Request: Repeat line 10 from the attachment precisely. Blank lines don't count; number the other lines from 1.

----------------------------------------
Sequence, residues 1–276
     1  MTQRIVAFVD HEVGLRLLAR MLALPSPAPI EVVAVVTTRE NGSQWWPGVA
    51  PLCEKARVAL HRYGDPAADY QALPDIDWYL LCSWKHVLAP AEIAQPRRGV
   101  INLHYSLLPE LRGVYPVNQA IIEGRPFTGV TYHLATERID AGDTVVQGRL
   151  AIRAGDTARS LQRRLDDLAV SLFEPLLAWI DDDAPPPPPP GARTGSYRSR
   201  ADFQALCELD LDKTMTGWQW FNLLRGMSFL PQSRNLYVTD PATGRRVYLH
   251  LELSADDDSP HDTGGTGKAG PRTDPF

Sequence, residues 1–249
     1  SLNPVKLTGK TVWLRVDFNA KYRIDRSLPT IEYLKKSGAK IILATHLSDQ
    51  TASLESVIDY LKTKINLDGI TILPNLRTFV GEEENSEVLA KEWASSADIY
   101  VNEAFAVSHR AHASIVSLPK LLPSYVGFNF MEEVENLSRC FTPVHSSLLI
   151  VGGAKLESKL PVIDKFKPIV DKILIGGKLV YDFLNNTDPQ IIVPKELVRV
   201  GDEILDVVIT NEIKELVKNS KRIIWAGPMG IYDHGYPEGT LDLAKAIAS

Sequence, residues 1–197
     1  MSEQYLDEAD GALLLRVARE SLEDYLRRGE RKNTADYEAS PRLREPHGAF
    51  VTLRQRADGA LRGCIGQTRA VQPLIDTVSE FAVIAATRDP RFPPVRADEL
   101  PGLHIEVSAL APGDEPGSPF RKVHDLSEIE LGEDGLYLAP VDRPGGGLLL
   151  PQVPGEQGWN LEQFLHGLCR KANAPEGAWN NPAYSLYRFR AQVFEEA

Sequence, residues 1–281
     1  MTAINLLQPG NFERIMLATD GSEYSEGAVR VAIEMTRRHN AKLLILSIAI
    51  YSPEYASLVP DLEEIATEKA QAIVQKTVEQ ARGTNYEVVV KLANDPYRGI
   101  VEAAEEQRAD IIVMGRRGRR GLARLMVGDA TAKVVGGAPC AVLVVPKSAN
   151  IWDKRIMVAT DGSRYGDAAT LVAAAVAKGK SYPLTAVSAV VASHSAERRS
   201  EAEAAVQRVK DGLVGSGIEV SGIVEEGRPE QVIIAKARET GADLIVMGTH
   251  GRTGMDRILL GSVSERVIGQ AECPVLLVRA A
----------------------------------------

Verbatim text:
    51  TASLESVIDY LKTKINLDGI TILPNLRTFV GEEENSEVLA KEWASSADIY